I feel I have listened to you but that you have not listened to me, since many of your points have been repeated in each post without you addressing my already-raised objections. I begin to suspect (just suspect) that you have some developmental problem like low-grade austism that prevents you from holding this debate properly. Still, I will raise my objections one more time.

You are assuming greater than infinite energy AND time travel to even put it forward as an argument...

No, I am not (and neither is my source). The misunderstanding is yours. I (and my source) made no assumptions whatsoever about how tachyons might form. As I said before maybe they've always existed, or maybe some change to special relativity won't alter the relativity of simultaneity in an essential way while also allowing the creation of tachyons from sub-light-speed matter.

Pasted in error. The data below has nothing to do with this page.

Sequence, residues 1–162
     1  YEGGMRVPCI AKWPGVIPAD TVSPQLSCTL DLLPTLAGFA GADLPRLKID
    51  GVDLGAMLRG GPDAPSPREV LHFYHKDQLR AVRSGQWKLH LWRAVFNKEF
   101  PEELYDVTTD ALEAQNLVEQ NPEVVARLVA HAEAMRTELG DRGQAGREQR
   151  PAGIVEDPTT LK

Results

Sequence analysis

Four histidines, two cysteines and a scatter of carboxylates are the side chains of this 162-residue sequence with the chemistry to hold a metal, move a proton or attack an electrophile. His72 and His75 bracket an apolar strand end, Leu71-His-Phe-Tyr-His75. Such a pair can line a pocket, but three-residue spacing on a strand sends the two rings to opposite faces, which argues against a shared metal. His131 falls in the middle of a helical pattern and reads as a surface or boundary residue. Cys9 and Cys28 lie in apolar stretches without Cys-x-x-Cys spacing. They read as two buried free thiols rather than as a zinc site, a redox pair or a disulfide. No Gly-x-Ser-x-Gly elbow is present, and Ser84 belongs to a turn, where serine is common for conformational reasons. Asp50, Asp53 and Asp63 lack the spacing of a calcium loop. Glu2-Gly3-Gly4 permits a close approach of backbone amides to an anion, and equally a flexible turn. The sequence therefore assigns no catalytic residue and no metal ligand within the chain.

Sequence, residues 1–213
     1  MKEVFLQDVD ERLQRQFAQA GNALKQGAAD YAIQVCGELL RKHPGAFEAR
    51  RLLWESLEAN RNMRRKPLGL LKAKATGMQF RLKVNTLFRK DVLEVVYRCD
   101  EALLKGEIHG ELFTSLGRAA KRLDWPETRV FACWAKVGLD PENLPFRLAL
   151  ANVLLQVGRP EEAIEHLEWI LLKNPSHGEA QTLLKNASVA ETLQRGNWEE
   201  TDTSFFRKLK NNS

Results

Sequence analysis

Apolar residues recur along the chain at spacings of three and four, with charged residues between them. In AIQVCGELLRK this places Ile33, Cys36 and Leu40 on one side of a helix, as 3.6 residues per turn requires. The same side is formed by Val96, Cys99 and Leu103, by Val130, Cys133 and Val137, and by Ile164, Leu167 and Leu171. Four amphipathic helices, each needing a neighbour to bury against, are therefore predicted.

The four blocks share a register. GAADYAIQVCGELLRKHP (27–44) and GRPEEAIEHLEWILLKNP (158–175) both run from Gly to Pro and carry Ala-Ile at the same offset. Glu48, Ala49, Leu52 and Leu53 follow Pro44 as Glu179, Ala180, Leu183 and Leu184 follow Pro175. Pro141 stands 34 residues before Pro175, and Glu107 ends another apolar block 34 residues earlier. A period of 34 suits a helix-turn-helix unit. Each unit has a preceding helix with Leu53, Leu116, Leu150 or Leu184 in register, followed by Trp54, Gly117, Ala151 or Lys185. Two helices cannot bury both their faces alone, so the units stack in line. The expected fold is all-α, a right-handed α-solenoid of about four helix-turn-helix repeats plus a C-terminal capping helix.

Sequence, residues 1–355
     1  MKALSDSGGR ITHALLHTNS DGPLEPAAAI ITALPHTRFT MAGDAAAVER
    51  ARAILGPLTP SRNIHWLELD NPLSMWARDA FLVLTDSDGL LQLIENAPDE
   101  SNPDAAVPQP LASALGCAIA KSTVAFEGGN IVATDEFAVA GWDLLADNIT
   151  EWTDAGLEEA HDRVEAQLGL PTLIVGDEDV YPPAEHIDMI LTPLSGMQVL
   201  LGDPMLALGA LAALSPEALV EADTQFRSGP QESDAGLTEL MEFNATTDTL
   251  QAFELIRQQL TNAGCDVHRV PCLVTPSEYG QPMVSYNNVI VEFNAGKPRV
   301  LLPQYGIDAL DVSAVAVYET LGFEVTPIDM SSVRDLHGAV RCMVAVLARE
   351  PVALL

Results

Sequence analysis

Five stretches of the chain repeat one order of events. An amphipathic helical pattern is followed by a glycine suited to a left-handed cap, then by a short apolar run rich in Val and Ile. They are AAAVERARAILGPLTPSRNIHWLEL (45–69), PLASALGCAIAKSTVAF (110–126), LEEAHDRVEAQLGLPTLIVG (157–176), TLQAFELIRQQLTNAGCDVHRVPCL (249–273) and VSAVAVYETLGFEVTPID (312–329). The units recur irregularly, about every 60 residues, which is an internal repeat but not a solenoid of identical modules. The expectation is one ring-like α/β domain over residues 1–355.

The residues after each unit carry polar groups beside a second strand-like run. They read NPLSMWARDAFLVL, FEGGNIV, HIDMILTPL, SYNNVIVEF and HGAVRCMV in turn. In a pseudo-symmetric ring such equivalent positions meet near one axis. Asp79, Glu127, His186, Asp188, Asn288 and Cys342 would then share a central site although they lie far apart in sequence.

As you approach the speed of light, energy input must approach infinity. To cross it requires a greater than infinite amount of energy. This is impossible, both in theory and practice.

I agree with you here, but yet again your statement is irrelevant. I do not care how one might create tachyons, I merely assumed their existence. I would like to remind you that my original FTL travel discussion was in the context of new discoveries allowing FTL communication, so the existence of a tachyon isn't even my own assumption, but rather my interpretation of someone else's probable argument. My original point was that FTL communication would result in such a radical violation of well-tested principles of special relativity as to be astonishing.

He was aware that infinite + 1 does not really exist, you are apparently not.

You have finally begun insulting me. I insulted you in my first reply and for that I apologize; I was too angered by the combination of your misconceptions and complete self-certainty. I was better in my second reply. I am actually a mathematician, so I probably know many more ways than you for "infinity + 1" to be interpreted reasonably. None of them are relevant here though.